Reviewed By Peter Sobczynski
Posted 05/13/05 00:26:16

"Like 'Identity' without the coherence or the plausibility"
1 stars (Sucks)

As the end credits to the long-on-the-shelf “Mindhunters” rolled, I began talking with a colleague of mine and claimed, with my usual sense of restraint, that it was perhaps the single dumbest and most implausible thriller that I had ever seen in my life. The colleague, on the other hand, suggested that perhaps I was going a bit overboard and pointed out that I had said much the same thing after sitting through the similarly idiotic “Identity” a couple of years earlier. My point, however, was that “Mindhunters” was far worse because it was far more idiotic than “Identity” ever dared to be. That film was just a generically bad thriller for the first two-thirds, until it sprang its impossible-to-swallow plot twist that sent it completely over the edge while “Mindhunters” features moments of equally show-stopping stupidity in every other scene–so stupid, in fact, that even those who might show up simply to revel in its idiocies may find it to be too much of a good/bad thing to be believed.

Like “Identity,” “Mindhunters” is an uneasy mash-up between a serial-killer mystery, in which people desperately try to piece together a series of seemingly unrelated clues to discover the identity of a madman before he strikes again, and a mad-slasher epic, in which characters pop up only to be killed off in gruesomely elaborate ways. This time around, the victims and the investigators are one and the same–a group of FBI profiler trainees sent to an isolated island training facility for a weekend exercise in which they will attempt to identify and track down a “serial killer” in a set-up devised by their unorthodox teacher (Val Kilmer). Unfortunately for them, it turns out that there is a genuine killer amongst them who begins to pick them off one by one. Before long, the film turns into an extra-long, extra-gory episode of one of those cop dramas that are all the rage on the tube these days–call it “CSI: Camp Crystal Lake.” (To add to that perception, one of the investigators is played by Kathryn Morris, who also plays a similar role on “Cold Case.”)

While I do not claim to be a trainee profiler, it would seem to me that, given the circumstances, the best way for the group to survive is to form an airtight buddy system in which no one leaves the eyesight of the others. Nevertheless, this group (which includes Christian Slater, Jonny Lee Miller, Patricia Velasquez and the artist formerly known as LL Cool J) regularly splits up for no other reason than to allow themselves to fall victim to an increasingly elaborate series of gory traps in which such elements as liquid nitrogen, crossbow bolts, dominoes and tainted cigarettes are deployed. The killer is so fiendishly clever, though, that he or she is not only able to rig up such labor-intensive traps in a heartbeat but is able to know exactly where a person will be standing at any given moment in order to properly receive them. Although we are supposed to believe that the killer is doing this because of a deep and innate knowledge of the group and their various character flaws and weaknesses, it seems more likely that the killer got a hold of the screenplay to the film and was able to adjust his calculations accordingly.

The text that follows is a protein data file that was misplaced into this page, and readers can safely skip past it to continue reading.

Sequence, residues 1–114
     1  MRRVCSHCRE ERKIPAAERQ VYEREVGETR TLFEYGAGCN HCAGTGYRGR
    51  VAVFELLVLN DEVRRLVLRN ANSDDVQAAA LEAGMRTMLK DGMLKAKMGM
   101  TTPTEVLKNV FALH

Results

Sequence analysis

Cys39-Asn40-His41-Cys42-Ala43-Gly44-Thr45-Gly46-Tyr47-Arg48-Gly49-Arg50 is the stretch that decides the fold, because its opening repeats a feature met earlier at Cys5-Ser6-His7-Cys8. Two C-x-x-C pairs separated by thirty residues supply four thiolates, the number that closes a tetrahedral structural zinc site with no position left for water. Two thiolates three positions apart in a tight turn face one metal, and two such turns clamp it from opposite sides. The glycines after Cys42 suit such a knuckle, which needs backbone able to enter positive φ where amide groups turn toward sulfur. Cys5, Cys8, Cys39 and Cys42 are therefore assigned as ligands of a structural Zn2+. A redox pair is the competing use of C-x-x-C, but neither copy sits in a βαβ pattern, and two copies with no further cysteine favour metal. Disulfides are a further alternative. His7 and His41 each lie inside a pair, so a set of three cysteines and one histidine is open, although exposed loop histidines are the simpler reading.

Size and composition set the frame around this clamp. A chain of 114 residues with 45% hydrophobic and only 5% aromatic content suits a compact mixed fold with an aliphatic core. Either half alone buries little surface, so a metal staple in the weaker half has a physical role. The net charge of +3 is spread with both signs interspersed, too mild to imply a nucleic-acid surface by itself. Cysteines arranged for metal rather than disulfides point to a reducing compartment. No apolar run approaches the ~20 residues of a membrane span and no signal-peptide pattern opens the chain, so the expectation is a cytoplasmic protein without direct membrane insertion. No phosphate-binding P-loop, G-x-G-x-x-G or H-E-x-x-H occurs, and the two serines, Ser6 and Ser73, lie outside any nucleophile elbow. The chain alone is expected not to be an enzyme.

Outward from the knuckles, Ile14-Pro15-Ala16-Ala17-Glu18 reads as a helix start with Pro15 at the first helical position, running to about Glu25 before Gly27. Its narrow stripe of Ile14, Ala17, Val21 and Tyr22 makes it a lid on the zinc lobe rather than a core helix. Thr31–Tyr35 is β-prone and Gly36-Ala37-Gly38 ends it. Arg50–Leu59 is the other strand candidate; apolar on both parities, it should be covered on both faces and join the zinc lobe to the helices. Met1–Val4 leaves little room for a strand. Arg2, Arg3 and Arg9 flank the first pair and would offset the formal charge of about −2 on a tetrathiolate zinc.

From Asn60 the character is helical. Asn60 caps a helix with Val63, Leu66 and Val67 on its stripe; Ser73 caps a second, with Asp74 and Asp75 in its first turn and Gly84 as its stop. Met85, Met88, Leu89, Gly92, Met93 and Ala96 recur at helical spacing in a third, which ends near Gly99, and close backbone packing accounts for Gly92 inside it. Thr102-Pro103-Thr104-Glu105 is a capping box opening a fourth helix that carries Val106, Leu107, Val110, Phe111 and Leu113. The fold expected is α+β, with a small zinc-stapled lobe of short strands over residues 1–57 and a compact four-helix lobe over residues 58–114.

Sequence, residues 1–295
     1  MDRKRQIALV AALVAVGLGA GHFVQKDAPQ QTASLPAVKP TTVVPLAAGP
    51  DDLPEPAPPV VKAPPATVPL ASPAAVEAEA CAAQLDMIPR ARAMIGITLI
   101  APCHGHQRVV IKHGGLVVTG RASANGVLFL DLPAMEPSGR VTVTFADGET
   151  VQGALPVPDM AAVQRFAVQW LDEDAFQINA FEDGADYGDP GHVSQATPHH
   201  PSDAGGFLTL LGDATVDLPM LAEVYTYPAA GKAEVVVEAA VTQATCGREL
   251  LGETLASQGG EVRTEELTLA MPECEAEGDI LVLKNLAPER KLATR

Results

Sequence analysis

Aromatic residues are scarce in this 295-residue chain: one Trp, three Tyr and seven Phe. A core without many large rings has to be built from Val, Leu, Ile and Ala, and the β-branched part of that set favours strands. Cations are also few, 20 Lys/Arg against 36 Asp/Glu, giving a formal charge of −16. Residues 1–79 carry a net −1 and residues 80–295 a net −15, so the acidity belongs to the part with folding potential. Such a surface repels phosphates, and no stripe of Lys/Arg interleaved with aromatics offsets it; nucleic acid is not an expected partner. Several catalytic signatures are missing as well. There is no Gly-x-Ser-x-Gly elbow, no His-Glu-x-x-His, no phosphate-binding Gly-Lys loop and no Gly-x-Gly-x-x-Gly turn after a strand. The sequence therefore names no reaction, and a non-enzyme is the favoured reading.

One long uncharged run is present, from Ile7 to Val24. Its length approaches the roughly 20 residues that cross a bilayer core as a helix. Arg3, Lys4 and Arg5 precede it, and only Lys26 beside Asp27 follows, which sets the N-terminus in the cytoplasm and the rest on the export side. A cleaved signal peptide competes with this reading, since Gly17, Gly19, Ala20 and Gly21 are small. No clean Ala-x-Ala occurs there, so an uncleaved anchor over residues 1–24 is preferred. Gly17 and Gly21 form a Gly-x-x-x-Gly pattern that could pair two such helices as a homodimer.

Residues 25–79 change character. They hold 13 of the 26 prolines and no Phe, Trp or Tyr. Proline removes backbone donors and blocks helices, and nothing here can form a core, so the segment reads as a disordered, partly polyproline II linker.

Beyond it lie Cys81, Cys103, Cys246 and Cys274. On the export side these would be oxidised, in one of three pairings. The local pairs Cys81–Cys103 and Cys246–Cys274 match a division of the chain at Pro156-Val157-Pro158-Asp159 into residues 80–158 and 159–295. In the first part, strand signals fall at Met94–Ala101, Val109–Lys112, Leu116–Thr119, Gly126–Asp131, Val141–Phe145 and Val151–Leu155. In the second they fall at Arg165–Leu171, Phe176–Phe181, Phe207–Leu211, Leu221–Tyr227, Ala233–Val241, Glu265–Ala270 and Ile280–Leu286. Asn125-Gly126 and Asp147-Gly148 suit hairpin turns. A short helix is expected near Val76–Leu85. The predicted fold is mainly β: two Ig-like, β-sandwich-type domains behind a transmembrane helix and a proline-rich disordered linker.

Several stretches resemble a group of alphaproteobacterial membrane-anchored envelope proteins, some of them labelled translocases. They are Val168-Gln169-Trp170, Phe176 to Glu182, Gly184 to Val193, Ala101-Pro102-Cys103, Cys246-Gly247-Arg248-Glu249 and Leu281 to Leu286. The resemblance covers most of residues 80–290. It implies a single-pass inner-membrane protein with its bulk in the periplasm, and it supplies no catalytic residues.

That, by the way, is the kind of narrative gambit that I could probably accept from the likes of Spike Jonze or even Mel Brooks, if he were to do a lampoon of the post-“Seven” vogue for serial killer sagas, but not from Renny Harlin, the auteur of “The Long Kiss Goodnight” and “Deep Blue Sea.” Back in his heyday in the early 1990's, Harlin’s taste for mixing weirdo humor and brutal violence in an over-the-top action context yielded such guilty pleasures as “Die Hard 2,” “Cliffhanger” and even, God forgive me, “The Adventures of Ford Fairlane.” Times have changed, however, but his basic style certainly hasn’t and since there is only so much that one can do with only a couple of locations and a few actors (unless it is a one-man show, you should always fear any film where there are more credited producers than featured performers in the IMDB cast listing),he is forced to rely more on the Wayne Kramer/Kevin Brodbin screenplay to keep things moving along. Unfortunately for him, it is one of the dumber thriller screenplays to come along in a while–the kind of script where people say things in terms just vague enough to make them look suspicious for a few minutes, the attempts at misdirection are so blatant that they all but point an on-screen arrow at the real killer and the killer is finally identified by a clever trick pulled by one of the investigators that is handled so clumsily that you begin to wonder why they bothered to introduce it in the first place.

It all leads to a final scene in which the killer reveals themselves and explains how they have been pulling off their crimes and why. Without going into too many details, the speech raises many more question than it answers. How, for example, were they able to rig the elaborate domino set-up used to instigate the first murder? For that matter, why would they have chosen dominoes as a delivery system when you consider that if even one fell the wrong way, the entire scheme would have fallen apart? Most importantly, if the person was a stone-cold psycho who enjoys hunting down people for the sheer thrill of it, couldn’t he or she have found a slightly more time-effective method of doing so than by staging the kind of elaborate mousetraps that even Rube Goldberg might have found excessive? Then again, if those involved with “Mindhunters” were concerned about not wasting precious time on a fairly pointless endeavor, they wouldn’t have signed up for the film I the first place.

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